Orientations on safety, transportation, loans, the city, and all other functions of the workings of college and New York life consumed many hours of the orientation week. At night there are optional activities intended to familiarize the students with each-other and the campus as well as have fun. Adorned with club music, casino equipment, and eccentrically dressed art school faux gamblers, a bricked courtyard formed by the meeting of several of Pratt's largest and oldest buildings served as an interesting sub-level spot for Casino night. The shadows of the dying day through the trees of the large lawn adjacent to the Engineering Building marked the start of the outdoor movie night. Nights of this orientation week each held one of these type of events, which varied in student attendance based on the agreed communal interest in the activity, and even more so on the student body's knowledge of parties on campus and in the area. The schism of the nights was a battle of large scale dodge ball matches and elaborate Pratt game shows versus the parties on the top floor of Pratt's slightly off campus Willoughby Hall and trendy New York club spots. I suppose complete escape from the predictable activities of college life are nearly impossible at any college. However, having little interest in the more sycophantic school oriented activities, or being at the mercy of seemingly predetermined college ignorance, this past week has provided some interesting experiences. I found myself avoiding the widely publicized events, on the roof of my dorm with a few close friends. We enjoyed the view, happily refusing to let the call of either stereotypical scenario dictate our night. Ruling out the activities of an entire day, I met a friend from back home near Parsons in Manhattan (a rival art school known for its world renowned fashion design), and she showed me around her stomping ground. I felt important as I walked past the lines to get free admittance into the Museum of Modern art. Not being a huge fan of "modern" art, I was very pleasantly surprised to find Matisse's "Dance," Van Gough's "Starry Night," Frida Kahlo's "Self Portrait With Cropped Hair," and Dali's "Persistence of a Memory," in the collection. She took us to an above ground railway converted into an elevated walkway overlooking the harbor before heading home. This day timing delivered us to the harbor to witness the sunset illuminate the orange and silver water and imitate the glow of the glass skyline. It was just one of those moments. Imagine a rectangular prism with a rectangle of the same proportion removed from the center to create an interior courtyard. Do that, and you picture the mini park within my dorm where last night's barbeque went down. After the upperclassmen and graduate students proved unable to start a fire (and I began to question the education system), I alerted my roommate to the rescue, as he darted downstairs to start the fire and provided the live music that would ignite a full blown singalong of our favorite songs. Turns out art school kids have good taste in music. The sense of family within my particular dorm is unreal. Being the least luxurious and most claustrophobic of all the dorms, everyone gets to know each-other. Large movie and music sessions in the common rooms complete the experience. All is well.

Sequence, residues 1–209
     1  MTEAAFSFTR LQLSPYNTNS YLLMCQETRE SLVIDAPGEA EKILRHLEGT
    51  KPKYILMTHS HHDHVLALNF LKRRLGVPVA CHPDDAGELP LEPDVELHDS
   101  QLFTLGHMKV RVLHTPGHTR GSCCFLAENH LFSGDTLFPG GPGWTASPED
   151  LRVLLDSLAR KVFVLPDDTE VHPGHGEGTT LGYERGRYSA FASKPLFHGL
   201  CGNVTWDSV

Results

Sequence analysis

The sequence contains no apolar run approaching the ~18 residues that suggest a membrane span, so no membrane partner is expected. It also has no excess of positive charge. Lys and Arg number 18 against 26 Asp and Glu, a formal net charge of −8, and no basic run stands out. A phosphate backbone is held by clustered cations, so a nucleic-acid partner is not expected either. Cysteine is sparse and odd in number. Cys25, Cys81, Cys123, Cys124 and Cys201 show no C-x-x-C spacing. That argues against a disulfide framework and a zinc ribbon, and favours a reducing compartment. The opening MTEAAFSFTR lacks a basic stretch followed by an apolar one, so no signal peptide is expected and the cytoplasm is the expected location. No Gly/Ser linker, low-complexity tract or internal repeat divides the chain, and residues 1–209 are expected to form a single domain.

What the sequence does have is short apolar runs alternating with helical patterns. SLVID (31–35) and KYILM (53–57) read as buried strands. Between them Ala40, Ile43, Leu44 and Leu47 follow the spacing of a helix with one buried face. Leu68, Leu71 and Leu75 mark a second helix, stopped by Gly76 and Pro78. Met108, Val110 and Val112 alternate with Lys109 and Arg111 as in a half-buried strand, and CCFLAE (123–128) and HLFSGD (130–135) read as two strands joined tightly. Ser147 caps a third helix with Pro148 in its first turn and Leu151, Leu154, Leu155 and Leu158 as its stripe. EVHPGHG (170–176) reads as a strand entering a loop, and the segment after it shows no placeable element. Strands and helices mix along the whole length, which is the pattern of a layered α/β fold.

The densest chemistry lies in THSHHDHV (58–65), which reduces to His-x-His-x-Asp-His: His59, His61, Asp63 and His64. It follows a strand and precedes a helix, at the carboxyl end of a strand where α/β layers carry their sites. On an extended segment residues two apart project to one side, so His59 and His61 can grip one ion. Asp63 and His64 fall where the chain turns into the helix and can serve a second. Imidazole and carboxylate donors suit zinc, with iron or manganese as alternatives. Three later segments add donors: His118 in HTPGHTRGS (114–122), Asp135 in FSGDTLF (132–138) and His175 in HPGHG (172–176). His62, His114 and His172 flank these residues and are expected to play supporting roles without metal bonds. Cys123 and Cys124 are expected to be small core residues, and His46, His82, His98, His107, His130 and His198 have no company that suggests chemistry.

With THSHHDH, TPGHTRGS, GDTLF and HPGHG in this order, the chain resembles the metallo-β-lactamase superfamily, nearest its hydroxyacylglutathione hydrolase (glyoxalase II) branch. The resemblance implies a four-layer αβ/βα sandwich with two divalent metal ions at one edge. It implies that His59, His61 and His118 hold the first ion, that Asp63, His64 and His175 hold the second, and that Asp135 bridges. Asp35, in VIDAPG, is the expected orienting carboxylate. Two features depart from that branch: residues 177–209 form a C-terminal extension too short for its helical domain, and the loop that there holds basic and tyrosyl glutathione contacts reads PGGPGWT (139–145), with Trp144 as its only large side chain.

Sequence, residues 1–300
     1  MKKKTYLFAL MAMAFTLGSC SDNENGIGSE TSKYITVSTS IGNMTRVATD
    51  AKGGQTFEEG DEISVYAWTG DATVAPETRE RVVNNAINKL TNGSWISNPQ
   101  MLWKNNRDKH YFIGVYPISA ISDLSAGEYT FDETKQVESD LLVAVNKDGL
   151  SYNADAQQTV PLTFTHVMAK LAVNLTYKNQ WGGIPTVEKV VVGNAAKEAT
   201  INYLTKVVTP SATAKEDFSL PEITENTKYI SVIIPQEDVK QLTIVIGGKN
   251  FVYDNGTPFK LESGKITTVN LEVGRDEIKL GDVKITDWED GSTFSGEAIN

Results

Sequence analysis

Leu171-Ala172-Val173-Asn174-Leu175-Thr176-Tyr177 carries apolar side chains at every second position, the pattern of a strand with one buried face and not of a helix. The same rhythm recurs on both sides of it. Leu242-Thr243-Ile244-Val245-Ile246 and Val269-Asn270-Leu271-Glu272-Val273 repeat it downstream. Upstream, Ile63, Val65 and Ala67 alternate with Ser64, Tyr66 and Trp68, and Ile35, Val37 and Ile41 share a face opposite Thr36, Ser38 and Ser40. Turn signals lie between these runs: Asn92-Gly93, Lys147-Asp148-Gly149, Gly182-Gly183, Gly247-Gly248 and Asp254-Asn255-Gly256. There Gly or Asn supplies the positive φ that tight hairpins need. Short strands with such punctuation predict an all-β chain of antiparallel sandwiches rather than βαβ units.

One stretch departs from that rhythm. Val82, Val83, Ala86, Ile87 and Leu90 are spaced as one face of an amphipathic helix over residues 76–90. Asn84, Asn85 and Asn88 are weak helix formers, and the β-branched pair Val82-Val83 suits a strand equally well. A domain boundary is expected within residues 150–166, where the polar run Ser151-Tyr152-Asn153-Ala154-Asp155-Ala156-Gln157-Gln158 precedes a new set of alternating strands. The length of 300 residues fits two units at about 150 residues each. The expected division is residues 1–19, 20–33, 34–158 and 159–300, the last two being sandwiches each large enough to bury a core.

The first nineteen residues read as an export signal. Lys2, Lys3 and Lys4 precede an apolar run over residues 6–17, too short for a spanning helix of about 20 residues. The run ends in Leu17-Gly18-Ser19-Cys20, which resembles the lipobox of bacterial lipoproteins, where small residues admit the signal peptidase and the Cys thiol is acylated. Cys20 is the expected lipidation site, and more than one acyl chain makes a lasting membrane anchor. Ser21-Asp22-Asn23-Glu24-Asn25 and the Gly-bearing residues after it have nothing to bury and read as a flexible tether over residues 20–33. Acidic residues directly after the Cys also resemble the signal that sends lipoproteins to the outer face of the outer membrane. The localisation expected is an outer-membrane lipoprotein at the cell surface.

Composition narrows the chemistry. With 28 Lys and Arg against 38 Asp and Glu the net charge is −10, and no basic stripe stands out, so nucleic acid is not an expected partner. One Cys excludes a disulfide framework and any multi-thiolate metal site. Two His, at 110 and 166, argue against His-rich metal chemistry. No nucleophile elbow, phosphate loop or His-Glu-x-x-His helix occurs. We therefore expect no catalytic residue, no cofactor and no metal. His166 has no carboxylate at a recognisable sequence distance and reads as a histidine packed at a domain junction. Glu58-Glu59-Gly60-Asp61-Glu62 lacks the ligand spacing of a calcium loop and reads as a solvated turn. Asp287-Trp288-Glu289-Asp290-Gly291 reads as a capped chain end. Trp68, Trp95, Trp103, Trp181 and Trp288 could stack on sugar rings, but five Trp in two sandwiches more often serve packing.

I am set on supplies due to the help of many of you, I recognize and appreciate everything that has been done to get me this far. Thank you.

Contact info:

James Cody Walzel
200 Willoughby Ave Unit 58932
Brooklyn, NY 11205-7521

Cell: 214-417-0356


Monday, August 24, 2009

New York